A norovirus outbreak originating from a California restaurant has sickened about 100 people, according to the San Luis Obispo County Public Health Department.

Jessie Burmester, an epidemiologist from the health department, told KSBY news that 97 cases have been confirmed in connection with the outbreak earlier this month. While Burmester did not disclose the name of the restaurant involved, she revealed that the investigations consistently pointed to the same establishment.

“Our primary objective during investigations is to identify a common source or exposure point,” Burmester said. “Thus far, all individuals reporting illness have consistently provided the name of the restaurant.”

On May 15, the Public Health Department officially declared an outbreak after receiving more than two reports of the same exposure source. Further investigations indicated that some affected individuals began experiencing symptoms as early as May 11.

Upon identifying the outbreak, the Public Health Department took action to prevent further spread of the norovirus. They required the restaurant to initiate intensive cleaning and disinfection measures and launched an investigation to determine the source of the illnesses, according to Burmester.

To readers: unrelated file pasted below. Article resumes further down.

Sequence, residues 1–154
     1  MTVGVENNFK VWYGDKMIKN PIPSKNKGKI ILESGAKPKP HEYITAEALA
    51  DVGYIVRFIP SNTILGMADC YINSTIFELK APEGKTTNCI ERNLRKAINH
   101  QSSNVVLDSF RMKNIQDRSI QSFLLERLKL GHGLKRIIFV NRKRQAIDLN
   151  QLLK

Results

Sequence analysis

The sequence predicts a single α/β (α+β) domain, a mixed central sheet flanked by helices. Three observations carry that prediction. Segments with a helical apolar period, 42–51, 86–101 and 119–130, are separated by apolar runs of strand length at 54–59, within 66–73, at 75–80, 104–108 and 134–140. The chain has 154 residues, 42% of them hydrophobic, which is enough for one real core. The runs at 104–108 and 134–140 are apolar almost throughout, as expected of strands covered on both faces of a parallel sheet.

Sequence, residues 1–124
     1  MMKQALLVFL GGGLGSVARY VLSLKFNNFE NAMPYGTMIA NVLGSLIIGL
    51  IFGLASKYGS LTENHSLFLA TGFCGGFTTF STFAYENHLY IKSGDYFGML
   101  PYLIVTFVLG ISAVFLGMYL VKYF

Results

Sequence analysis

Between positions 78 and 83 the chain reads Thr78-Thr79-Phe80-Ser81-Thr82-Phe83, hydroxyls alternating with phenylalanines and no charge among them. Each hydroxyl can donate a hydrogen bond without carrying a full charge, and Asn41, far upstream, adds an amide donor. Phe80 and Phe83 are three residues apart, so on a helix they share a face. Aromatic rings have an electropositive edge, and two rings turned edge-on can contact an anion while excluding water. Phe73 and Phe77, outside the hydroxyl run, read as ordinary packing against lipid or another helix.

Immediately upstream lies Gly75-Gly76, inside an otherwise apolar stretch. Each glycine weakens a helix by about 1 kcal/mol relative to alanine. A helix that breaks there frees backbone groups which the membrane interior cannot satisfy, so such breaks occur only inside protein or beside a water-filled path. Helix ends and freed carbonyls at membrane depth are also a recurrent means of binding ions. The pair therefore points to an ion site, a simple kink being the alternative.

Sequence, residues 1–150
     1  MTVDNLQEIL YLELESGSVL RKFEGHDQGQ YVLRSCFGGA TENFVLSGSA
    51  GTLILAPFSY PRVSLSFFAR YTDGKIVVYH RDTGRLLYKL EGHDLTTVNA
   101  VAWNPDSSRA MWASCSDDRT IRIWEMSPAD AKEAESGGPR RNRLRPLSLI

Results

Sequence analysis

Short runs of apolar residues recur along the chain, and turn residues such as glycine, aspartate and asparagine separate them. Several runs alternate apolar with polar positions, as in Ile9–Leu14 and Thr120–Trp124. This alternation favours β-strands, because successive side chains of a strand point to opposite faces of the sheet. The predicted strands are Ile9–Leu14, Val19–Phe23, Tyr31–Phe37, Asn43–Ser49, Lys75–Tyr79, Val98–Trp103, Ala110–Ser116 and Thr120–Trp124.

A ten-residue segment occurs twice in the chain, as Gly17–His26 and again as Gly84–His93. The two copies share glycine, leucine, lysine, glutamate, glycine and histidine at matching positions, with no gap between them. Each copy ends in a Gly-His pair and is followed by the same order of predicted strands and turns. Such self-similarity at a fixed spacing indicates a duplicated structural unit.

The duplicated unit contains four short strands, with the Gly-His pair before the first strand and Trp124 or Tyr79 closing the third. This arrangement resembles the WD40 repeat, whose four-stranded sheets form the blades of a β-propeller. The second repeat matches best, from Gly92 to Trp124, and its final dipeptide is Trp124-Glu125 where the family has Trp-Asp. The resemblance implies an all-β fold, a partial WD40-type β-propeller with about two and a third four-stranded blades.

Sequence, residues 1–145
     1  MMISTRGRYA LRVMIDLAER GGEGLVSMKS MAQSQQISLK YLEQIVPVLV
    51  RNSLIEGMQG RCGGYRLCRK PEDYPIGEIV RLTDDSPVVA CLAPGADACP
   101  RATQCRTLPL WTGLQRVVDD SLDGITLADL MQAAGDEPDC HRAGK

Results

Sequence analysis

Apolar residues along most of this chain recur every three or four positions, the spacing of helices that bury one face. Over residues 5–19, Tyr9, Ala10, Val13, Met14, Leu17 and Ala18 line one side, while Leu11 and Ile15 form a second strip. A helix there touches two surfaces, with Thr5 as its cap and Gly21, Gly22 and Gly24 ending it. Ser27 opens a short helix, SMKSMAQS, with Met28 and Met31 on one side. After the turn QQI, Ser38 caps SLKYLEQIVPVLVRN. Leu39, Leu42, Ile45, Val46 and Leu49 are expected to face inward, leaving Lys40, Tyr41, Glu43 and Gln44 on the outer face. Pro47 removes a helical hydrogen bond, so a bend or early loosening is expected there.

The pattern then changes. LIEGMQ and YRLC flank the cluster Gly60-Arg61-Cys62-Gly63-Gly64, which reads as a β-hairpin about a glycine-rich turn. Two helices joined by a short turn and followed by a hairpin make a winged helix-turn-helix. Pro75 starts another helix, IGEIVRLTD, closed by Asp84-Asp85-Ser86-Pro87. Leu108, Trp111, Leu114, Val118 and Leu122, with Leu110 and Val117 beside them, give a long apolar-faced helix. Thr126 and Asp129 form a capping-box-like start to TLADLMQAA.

Burmester provided some insight into the prevalence of norovirus outbreaks in California. “In California alone, we witness around 2,500 norovirus outbreaks every year.”

The San Luis Obispo County Public Health Department urges individuals who suspect they may have contracted norovirus to seek medical attention and report their illness to local public health departments. Furthermore, they emphasize the importance of taking necessary precautions to minimize the risk of infection, especially in settings where food is prepared and consumed.

Symptoms of norovirus infection may include severe vomiting and/or diarrhea, nausea, muscle aches, fever, and headache, according to the U.S. Centers for Disease Control and Prevention. Symptoms typically start 12 to 48 hours after exposure and can last for one to three days. Most people recover without treatment, however, some may need medical attention for dehydration.

Norovirus is highly contagious and infected people can spread the infection easily to others. The virus can live on surfaces for long periods of time. Droplets in the air from the vomiting of infected people can also spread the virus to people and contaminate surfaces.

To prevent others from getting sick always wash hands carefully with soap and warm water after using the bathroom, changing diapers or caring for potentially infected people. Use soap and water to clean toilets or other areas that may be soiled with feces or vomit. 

Wash soiled clothing and bedding in hot water and detergent. Soft surfaces that cannot be laundered can be steam cleaned.

(To sign up for a free subscription to Food Safety News, click here)